Now then, organisers of Metropolis, what the hell was wrong with last year's layout? Nothing, that's what, so why on Earth did you change it? I understand that the Cirque De Soleil had taken roost in the Ahoy Car Park next door, shutting off where last year's main entrance was, but why the hell did you move everything? Why did you feel the need to split the main stage up from the two main tents? In fact, why did you decide to hide the main stage away in a corner? You just made rods for your own back. Instead of having one main backstage area that's easy to staff, organise and navigate, you created two. That meant more fencing, more staff, more hassle for the artists and journalists too. It also made it a bit of an arse for the general public. Last year, you could wander between the three main stages rather easily, this year we had to go off wandering through the woods which, no matter how nice, was totally unnecessary. It also meant that you ended up with more areas of the Zuiderpark covered in litter. Well done. Good job. Great logic.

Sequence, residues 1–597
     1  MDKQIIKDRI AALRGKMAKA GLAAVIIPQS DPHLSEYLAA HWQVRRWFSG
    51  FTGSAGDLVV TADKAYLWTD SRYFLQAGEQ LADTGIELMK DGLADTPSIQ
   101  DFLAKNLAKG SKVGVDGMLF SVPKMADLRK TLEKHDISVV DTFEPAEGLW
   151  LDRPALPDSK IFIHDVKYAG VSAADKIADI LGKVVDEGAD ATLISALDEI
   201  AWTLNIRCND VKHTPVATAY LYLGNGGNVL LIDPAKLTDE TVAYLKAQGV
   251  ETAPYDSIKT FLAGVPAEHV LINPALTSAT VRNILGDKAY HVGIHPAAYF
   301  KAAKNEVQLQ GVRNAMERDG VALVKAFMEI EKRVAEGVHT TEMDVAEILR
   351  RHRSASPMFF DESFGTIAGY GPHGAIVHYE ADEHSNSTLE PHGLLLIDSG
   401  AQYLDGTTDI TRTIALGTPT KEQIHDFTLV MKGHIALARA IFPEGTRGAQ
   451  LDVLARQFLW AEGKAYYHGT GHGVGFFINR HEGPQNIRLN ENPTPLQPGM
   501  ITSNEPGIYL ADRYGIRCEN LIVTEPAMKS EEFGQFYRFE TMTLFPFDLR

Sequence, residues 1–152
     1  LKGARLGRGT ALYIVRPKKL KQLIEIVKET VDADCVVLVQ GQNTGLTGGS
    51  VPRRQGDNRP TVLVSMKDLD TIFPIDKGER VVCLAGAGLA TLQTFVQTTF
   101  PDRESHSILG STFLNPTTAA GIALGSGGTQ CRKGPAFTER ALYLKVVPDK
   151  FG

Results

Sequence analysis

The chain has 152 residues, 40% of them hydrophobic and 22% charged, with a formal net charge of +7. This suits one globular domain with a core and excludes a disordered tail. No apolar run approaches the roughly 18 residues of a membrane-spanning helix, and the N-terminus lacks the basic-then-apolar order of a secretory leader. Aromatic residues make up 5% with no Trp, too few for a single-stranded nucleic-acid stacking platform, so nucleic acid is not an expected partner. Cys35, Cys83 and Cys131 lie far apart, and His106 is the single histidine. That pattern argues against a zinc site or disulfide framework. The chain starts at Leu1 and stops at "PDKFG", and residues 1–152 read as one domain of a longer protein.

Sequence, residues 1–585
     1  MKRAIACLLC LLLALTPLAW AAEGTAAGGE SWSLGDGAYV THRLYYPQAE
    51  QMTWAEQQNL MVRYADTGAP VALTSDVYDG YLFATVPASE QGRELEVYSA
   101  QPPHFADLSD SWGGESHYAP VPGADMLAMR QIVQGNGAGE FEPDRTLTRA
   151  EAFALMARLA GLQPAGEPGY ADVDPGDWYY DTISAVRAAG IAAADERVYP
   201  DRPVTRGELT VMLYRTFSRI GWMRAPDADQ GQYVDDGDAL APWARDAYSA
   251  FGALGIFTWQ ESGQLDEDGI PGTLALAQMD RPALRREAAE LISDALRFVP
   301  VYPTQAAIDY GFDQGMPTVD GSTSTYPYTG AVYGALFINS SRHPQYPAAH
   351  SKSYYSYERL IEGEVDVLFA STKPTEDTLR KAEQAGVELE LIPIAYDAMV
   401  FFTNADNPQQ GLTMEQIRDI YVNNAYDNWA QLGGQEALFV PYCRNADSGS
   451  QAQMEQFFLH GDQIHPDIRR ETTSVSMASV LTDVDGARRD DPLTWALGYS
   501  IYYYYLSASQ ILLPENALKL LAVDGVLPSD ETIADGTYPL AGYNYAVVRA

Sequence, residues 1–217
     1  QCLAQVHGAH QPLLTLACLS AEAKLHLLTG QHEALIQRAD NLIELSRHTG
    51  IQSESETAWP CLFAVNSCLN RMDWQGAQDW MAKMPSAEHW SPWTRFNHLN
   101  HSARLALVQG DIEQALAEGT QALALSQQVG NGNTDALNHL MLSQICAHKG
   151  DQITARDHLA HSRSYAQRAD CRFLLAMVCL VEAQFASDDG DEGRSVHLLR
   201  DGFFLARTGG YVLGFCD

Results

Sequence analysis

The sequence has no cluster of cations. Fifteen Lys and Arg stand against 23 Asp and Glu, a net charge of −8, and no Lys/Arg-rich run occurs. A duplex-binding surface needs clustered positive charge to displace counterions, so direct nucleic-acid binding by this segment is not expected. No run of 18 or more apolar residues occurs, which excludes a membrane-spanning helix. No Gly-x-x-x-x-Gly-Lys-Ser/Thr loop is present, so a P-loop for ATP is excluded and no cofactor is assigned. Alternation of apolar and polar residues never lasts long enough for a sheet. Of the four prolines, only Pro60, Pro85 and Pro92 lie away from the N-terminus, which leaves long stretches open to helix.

There's such a thing as common sense, so use it. PUT IT BACK THE WAY IT WAS IN 2004 NEXT YEAR PLEASE!

 

Now then, where was I? Oh yes, on the road to see Brakes. Well I passed a couple of the local stages first, which scared me half to death. The Ska band I passed first should have been put down and even though I wouldn't know what end of a trumpet to blow in I swear I could make a more pleasant noise than their guy managed, whoever they were. The second band I passed had me in stitches. It was a red hot day and there was some kid dressed in a large black hat, white fur coat and skin tight jeans. The mascara that he'd obviously so lovingly applied to his face was running all over the place and he looked absolutely atrocious. The music wasn't much better, but at least they were amusing.